For millions of dogs and people, the tiny flea is a relentless enemy. The flea is a small, brown, wingless insect that uses specialized mouth parts to pierce the skin and siphon blood. When a flea bites your dog, it injects a little amount of saliva into the skin to prevent blood coagulation. many animals can have fleas without showing suffering, but an unfortunate number of dogs become sensitized to this saliva. In particularly allergic animals, the bite of a single flea will cause severe itching and scratching. Fleas create the most common skin condition of dogs which is flea allergy or dermatitis.
If your dog develops super-sensitivity to flea saliva, many changes will result. A tiny hive can develop at the location of the fleabite, which will either heal or develop into a small red bump that eventually crusts over. The dog may scratch and chew at himself until the area is hairless, raw and weeping serum. This can create hair loss, redness, scaling, microbial infection and high coloring of the skin.
Remember that the flea spends the most its life in the environment, not on your dog, so it can be unpleasant to find. In fact, your dog can continue to scratch without you ever seeing a flea on your pet. Check your dog carefully for fleas or for signs of flea excrement (also called flea dirt), which looks like coarsely ground pepper. When moistened, flea dirt turns a reddish brown Simply put it contains blood. If one pet in the household has fleas, assume that all dogs in the household have fleas. A single flea found on your pet probably means that there are hundreds of fleas, larva, pupa and eggs in your house.
Commercial flea killing compounds can work if used properly but they are not
the only alternative to stopping fleas. There are effective home remedies that
work as well or better.
The life cycle of the flea has four different stages including the egg,
larva, pupa and adult.
The adult flea uses your dog as a place to take
its blood meals and breed. Fleas either lay eggs directly on the pet where they
may drop off, or deposit eggs into the immediate surroundings around your home.
Commercial flea killing compounds may work if used properly but they should not be the only alternative to stopping fleas. For millions of dogs and people,
the small flea is a relentless enemy.
The vacuum cleaner can be a real aid in removing flea eggs and immature
forms. Give special attention to cracks and corners. At the end of vacuuming,
either partial vacuum up some flea powder into your vacuum bag, or throw the bag
out. Otherwise, the cleaner will only serve as an incubator, releasi...
More than 30 million Americans live with one or more dogs (Marks, 1999). pet owners many use poisons in and around their homes to address mites. Although many chemicals were beneficial, poor planning or improper use of a pesticide product may be be very toxic to dogs. Of course the best way to avoid toxicity is to avoid using chemical products. However, if these chemicals must be used be sure to read the labels, use the products properly, and be highly careful. Remember that dogs could be not... Continue reading...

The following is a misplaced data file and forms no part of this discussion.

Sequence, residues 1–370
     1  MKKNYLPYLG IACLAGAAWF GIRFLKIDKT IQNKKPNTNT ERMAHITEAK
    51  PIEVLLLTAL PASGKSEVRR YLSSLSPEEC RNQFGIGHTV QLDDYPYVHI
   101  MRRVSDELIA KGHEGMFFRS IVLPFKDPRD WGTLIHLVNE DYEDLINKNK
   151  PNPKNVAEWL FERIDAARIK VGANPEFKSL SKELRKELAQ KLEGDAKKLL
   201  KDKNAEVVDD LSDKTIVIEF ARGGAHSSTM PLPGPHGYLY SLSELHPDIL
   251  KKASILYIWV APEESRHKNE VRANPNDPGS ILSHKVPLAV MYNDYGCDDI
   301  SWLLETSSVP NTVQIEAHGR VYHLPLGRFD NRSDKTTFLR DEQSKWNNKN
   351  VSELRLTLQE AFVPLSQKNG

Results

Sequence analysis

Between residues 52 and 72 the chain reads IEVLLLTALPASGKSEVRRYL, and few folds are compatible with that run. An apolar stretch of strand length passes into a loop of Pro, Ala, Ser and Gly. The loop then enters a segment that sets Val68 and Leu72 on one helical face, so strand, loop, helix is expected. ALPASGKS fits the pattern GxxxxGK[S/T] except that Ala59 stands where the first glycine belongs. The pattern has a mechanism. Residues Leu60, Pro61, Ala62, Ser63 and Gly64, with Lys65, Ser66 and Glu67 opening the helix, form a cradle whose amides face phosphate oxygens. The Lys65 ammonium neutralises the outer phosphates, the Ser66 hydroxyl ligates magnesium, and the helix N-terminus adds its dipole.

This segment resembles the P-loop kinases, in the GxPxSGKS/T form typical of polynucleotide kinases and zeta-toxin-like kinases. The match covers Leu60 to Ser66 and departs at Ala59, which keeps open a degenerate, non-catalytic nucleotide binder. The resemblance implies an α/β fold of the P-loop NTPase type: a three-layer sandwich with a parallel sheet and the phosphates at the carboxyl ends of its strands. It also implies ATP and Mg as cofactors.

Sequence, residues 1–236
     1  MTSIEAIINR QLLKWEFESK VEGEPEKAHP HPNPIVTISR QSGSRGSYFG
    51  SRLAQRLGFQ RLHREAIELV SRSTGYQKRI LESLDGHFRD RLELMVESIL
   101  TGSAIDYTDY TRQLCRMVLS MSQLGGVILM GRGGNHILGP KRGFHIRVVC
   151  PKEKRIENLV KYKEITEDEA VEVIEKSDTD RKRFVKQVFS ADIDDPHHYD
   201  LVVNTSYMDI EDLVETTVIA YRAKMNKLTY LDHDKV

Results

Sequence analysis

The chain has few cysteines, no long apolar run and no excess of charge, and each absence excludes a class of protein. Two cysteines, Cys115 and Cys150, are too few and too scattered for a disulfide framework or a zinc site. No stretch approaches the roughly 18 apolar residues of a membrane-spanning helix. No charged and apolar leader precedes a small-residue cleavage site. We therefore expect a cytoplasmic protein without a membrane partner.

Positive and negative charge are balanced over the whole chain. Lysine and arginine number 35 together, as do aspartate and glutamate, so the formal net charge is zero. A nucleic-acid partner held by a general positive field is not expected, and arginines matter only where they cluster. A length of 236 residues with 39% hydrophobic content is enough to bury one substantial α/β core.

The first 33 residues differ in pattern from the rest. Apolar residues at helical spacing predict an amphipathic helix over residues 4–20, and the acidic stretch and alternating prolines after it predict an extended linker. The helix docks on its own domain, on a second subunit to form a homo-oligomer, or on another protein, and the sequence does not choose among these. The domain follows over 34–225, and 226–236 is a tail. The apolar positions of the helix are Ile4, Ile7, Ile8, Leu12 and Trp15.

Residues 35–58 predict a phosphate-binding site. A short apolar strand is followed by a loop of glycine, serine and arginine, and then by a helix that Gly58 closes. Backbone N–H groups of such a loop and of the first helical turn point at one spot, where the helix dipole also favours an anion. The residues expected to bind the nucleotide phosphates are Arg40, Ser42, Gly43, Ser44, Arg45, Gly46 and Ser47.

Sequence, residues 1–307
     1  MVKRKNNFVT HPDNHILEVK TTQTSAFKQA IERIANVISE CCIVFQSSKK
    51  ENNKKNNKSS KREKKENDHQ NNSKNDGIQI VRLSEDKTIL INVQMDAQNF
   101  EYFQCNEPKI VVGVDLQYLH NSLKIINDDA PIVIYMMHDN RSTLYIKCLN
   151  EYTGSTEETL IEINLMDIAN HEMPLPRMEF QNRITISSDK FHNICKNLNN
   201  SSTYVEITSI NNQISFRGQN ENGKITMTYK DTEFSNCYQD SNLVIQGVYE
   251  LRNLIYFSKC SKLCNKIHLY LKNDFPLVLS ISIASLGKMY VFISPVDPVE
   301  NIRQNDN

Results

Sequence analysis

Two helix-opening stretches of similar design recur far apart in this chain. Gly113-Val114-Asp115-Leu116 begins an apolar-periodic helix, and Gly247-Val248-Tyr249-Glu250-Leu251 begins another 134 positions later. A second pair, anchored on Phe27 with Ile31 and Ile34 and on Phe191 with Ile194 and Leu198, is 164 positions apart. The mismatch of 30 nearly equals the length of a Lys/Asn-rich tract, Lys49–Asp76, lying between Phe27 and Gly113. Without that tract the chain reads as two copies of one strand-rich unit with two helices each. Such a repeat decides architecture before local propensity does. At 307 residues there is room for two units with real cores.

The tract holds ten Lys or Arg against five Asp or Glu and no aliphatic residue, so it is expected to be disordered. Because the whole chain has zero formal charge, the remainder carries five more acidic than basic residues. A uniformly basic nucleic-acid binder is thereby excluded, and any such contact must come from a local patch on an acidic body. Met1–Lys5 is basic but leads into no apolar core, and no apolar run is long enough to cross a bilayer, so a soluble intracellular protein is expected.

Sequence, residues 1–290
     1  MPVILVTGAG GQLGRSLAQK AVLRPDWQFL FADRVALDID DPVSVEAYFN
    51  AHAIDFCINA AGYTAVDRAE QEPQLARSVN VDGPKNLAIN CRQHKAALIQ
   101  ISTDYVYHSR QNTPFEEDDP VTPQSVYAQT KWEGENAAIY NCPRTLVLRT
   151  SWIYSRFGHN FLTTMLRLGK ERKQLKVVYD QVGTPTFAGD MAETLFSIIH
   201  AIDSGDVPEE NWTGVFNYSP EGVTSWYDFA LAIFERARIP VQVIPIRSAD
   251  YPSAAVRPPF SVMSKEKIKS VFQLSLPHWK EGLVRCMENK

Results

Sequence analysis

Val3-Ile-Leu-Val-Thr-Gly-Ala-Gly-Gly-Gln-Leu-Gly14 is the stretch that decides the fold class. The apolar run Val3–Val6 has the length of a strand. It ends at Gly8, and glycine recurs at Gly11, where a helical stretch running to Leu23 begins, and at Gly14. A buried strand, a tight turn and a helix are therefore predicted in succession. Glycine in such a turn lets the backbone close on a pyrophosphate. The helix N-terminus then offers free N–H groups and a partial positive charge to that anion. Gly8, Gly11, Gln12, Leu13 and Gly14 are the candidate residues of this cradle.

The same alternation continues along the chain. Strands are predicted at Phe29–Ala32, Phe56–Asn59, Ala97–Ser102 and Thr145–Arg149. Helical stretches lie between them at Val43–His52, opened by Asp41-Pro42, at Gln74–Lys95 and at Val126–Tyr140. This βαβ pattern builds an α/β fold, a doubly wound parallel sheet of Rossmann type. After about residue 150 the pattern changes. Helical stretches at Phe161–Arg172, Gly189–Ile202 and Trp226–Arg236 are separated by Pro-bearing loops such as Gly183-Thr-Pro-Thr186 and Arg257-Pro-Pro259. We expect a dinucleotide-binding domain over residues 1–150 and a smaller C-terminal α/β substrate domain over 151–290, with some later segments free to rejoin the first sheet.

The following compounds are samples of the chemicals used in homes and gardens.
• 2,4-Dichlorophenoxyacetic acid (2,4-D). This pesticide is a chlorophenoxy compound that functions as a systemic herbicide and is used to address many types of broadleaf weeds. Classified as a General Use mite killing (GUP), 2,4-D's diethylamine salt is a slightly toxic category III chemical when ingested orally. However, this product is classified as a highly toxic category I chemical when exposed to the eye... Continue reading...
Guidelines to avoid toxicity As mentioned previously, the best way to avoid toxicity is to avoid using chemical poisons altogether. An integrated pest management program may be the most reliable strategy for controlling mites. This methodology employs physical, mechanical, cultural, and biological strategies to keep pest numbers low. Least-toxic chemical pest modulate methods could be used only as a last resort. The following pest manage methods do not involve chemical poisons: • Physical ... Continue reading...
By [http://ezinearticles.com/?expert=Dave_Gurke]Dave Gurke
Are you having trouble treating cat mange? Don't worry, you're not alone on that one. Millions of household pets suffer from mites every year, it's just one of those irritating little setbacks that never seems to be curable like the common cold!
So what exactly is mange and why does it lead to hair loss on your cat? Well, this article is going to give you a close up look on the ins and outs of mange so that you know exactly how to sto... Continue reading...
By [http://ezinearticles.com/?expert=Anne_Ming]Anne Ming
Dog mange is one of the most miserable afflictions that can strike your dog. It's a contagious and persistently itchy skin disease brought on by parasitic mites burrowing under the skin. It must be treated as soon as you detect the symptoms. Otherwise the mange only gets worse.
The symptoms of dog mange include continuous itching, hair loss, dry and thickened skin with crusty scales, dry and wrinkled skin, unpleasantly strong skin odor,... Continue reading...
By [http://ezinearticles.com/?expert=Anne_Ming]Anne Ming
Many mammals suffer from a skin disease known as mange. Typically, it's caused by a mite burrowing under the skin. Mange seems to be most common in cats and dogs, although other animals can get it. There are several types of mange but, thankfully, just a few affect your pets. The mites cannot be seen with the naked eye but their effects can be seen quite clearly. Some mange appears to be dandruff and has a short lifespan.